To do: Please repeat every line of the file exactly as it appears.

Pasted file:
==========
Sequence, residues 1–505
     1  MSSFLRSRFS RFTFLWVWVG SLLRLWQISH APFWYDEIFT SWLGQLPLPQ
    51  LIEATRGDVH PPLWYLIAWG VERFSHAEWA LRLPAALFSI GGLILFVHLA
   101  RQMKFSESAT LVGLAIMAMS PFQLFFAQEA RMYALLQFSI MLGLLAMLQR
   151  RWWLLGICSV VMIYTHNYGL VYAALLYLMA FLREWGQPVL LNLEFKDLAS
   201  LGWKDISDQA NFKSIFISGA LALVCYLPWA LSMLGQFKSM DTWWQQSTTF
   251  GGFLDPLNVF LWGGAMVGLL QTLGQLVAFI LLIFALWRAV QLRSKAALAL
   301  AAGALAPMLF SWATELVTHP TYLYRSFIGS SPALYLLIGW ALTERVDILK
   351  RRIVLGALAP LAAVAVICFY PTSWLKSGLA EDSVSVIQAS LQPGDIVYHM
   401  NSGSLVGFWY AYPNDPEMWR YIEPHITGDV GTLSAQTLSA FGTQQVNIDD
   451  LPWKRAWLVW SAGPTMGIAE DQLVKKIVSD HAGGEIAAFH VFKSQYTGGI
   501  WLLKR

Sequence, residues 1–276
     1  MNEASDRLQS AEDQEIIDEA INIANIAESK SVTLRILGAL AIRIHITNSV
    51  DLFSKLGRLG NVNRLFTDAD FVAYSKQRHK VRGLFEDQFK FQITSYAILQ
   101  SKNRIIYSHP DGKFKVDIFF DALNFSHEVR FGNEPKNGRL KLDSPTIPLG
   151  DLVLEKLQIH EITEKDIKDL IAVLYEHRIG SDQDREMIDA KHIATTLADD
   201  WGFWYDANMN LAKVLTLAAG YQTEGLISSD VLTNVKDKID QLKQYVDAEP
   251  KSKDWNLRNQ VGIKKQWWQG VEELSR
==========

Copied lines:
Sequence, residues 1–505
     1  MSSFLRSRFS RFTFLWVWVG SLLRLWQISH APFWYDEIFT SWLGQLPLPQ
    51  LIEATRGDVH PPLWYLIAWG VERFSHAEWA LRLPAALFSI GGLILFVHLA
   101  RQMKFSESAT LVGLAIMAMS PFQLFFAQEA RMYALLQFSI MLGLLAMLQR
   151  RWWLLGICSV VMIYTHNYGL VYAALLYLMA FLREWGQPVL LNLEFKDLAS
   201  LGWKDISDQA NFKSIFISGA LALVCYLPWA LSMLGQFKSM DTWWQQSTTF
   251  GGFLDPLNVF LWGGAMVGLL QTLGQLVAFI LLIFALWRAV QLRSKAALAL
   301  AAGALAPMLF SWATELVTHP TYLYRSFIGS SPALYLLIGW ALTERVDILK
   351  RRIVLGALAP LAAVAVICFY PTSWLKSGLA EDSVSVIQAS LQPGDIVYHM
   401  NSGSLVGFWY AYPNDPEMWR YIEPHITGDV GTLSAQTLSA FGTQQVNIDD
   451  LPWKRAWLVW SAGPTMGIAE DQLVKKIVSD HAGGEIAAFH VFKSQYTGGI
   501  WLLKR

Sequence, residues 1–276
     1  MNEASDRLQS AEDQEIIDEA INIANIAESK SVTLRILGAL AIRIHITNSV
    51  DLFSKLGRLG NVNRLFTDAD FVAYSKQRHK VRGLFEDQFK FQITSYAILQ
   101  SKNRIIYSHP DGKFKVDIFF DALNFSHEVR FGNEPKNGRL KLDSPTIPLG
   151  DLVLEKLQIH EITEKDIKDL IAVLYEHRIG SDQDREMIDA KHIATTLADD
   201  WGFWYDANMN LAKVLTLAAG YQTEGLISSD VLTNVKDKID QLKQYVDAEP
   251  KSKDWNLRNQ VGIKKQWWQG VEELSR